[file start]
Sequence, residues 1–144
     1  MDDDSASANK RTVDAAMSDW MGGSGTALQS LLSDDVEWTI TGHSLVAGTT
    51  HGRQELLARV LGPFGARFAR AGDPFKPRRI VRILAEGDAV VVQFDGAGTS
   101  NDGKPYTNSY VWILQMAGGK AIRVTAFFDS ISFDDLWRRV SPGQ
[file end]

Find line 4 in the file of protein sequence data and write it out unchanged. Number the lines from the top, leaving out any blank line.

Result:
   101  NDGKPYTNSY VWILQMAGGK AIRVTAFFDS ISFDDLWRRV SPGQ